So in case, you haven't noticed, I've been less diligent with my training progress report compared to my previous training season for the Kyoto Marathon last year. Mainly because it's the same old same old pace training on a weekly basis. No nervous butterflies, no immediate worries about meeting the cut off times, no newly discovered profound revelation to share about running.
My beloved, not so well-loved Polar M400 has gone off for servicing since its charging port went haywire on me and could not charge or transfer my running data online. I need my running data! Thankfully I could still fall back on my Runkeeper app to help me track my pace. (provided it doesn't go nuts on me)
ps: Garmin, Polar, Suunto, I am open to reviewing running watches! #noshy
|negative split biatches!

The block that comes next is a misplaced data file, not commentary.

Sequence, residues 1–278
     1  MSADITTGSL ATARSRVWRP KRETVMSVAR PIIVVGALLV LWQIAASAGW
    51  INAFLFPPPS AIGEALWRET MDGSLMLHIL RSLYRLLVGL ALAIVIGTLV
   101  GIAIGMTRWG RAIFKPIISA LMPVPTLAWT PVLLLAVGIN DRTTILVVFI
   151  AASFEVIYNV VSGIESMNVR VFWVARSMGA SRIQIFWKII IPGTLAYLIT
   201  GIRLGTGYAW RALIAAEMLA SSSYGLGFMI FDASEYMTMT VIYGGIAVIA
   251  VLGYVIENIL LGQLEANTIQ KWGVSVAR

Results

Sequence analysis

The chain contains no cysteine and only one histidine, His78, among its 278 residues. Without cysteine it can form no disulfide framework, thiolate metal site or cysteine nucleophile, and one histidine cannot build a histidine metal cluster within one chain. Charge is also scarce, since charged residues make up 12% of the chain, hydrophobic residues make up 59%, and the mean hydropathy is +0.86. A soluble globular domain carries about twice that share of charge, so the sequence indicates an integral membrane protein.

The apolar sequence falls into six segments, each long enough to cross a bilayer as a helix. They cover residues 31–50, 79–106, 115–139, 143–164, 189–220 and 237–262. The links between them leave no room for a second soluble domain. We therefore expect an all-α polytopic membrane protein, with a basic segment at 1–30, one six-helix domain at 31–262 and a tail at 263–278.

My LSD training was up to 21km as of 15 Jan. I have scheduled in a 30km LSD session for 29 Jan but since that's Chinese New Year weekend, I won't be surprised if my running partner bails on me.
But I am not as stressed as I was last year. I think my different state of mind is because I am going into this upcoming marathon with the knowledge that I HAVE completed a marathon. I HAVE run 42.195km in similar conditions and survived.
And also because Tokyo Marathon's cut off time is 7 hours as opposed to the Kyoto Marathon's 6 hours. 6 hours time limit was bad enough then just throw in the cut off points along the way and I was eating butterflies throughout my training last year. I am by no means a fast runner nor was I a slow runner. I was a constant runner and that got me through my first marathon.
So my game plan for my first World Major Marathon (probably my only) was to just once again, finish it, get the medal and finisher shirt and still be able to find my way back to my AirBnb after. As they say, shoot for the moon. Even if you miss, you'll land among the stars.
In my case: Moon = AirBnb, Stars = finish line.
My mind works like that.
To end this post, I leave you with this profound quote:
When you're always moving, you will always be ahead of someone.
- Tania Wee -